We broadly divide the various automated lifespan devices in two main categories: (1) those based on microfluidic chips; and (2) those based on solid agar culture. We discuss stress-based screens in a separate heading but most of those methods are based on either microfluidic or solid agar lifespan devices except for one notable exception, the recently developed LFASS assay.

5.1. Microfluidics-Based Platforms

Microfluidic worm chips are made from polydimethylsiloxane (PDMS). PDMS is a type of “silicone” that is non-toxic, chemically inert, permeable to oxygen and carbon dioxide and optically transparent for wavelengths over 230 nm, allowing for brightfield and fluorescence microscopic imaging of the worms. PDMS adheres tightly to glass surfaces, and hence worm chips are commonly mounted on glass microscope slides. The chips are produced by a soft lithography technique. Food can be added at user defined time points (e.g., once a day) [246,267] or continuously through the use of automated pumps [264].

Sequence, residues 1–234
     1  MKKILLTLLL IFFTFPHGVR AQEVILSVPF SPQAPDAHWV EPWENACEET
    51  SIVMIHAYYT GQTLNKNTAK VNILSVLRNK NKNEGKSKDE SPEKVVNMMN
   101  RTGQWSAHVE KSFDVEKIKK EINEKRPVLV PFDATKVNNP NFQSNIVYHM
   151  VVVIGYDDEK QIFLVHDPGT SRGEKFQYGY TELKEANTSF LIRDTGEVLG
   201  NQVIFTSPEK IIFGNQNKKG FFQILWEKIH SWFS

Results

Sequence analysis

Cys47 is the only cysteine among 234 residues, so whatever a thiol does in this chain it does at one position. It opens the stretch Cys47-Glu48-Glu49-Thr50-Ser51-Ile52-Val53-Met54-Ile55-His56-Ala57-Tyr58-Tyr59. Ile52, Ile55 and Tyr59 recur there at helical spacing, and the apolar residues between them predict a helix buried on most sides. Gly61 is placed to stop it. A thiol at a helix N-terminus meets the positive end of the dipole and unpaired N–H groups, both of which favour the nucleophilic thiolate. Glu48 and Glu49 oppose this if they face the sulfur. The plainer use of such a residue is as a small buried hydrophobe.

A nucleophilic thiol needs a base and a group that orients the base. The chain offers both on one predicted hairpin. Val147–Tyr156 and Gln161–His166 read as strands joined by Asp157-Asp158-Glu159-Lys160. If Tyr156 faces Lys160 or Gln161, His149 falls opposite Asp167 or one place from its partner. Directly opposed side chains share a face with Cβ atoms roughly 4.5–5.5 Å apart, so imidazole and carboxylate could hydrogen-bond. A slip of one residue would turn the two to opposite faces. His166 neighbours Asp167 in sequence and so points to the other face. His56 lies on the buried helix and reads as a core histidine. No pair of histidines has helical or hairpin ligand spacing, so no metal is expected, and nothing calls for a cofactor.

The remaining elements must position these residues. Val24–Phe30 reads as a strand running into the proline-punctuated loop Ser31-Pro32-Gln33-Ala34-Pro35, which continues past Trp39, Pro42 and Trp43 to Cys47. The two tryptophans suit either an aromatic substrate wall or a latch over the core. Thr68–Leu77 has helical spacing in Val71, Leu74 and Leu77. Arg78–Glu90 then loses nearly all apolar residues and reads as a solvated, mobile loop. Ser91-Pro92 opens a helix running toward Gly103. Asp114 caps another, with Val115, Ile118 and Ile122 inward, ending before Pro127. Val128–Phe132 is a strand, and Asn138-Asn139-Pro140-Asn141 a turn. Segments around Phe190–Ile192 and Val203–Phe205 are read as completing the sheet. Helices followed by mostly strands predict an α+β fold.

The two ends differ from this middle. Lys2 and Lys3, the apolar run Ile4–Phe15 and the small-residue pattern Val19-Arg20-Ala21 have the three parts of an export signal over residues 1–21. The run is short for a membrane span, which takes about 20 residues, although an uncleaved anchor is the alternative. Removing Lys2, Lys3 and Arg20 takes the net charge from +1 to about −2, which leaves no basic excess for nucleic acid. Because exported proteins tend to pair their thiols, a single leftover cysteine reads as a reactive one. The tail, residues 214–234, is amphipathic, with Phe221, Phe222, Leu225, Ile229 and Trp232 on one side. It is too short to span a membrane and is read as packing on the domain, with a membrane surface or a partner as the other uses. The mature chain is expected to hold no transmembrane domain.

Various microfluidics chips for lifespan assays have been developed including Lifespan-on-a-chip [246] and WormFarm [264]. The Lifespan-on-a-chip device consists of an array of chambers that house individual worms. This device allows for the longitudinal monitoring of individual worms [246]. Most recently, a microfluidics device called NemaLife was designed that includes a micropillar arena. This arena allows the worms to crawl as they do on agar plates, rather than swim as in typical microfluidics devices [267]. This device also contains sieve channels, but, because the adults generally remain in the micropillar area, the risk of physically damaging them is reduced. Furthermore, this device allows for the evaluation of two healthspan markers, pharyngeal pumping and vibration-induced locomotion, assays that have to be conducted manually [267]. A commercialized version of the NemaLife microfluidics chip combined with a benchtop machine that regulates fluid flow through the chip and enables time-laps image recording and analysis has been developed (https://www.nemalifeinc.com/). Similarly, a device called the stress-chip combines crawling and swimming areas [268]. It should be mentioned that, to the best of our knowledge, no large drug screens in microfluidic devices have been conducted so far. We refer the reader to two excellent reviews on the various microfluidic platforms for HTS in C. elegans [266,269].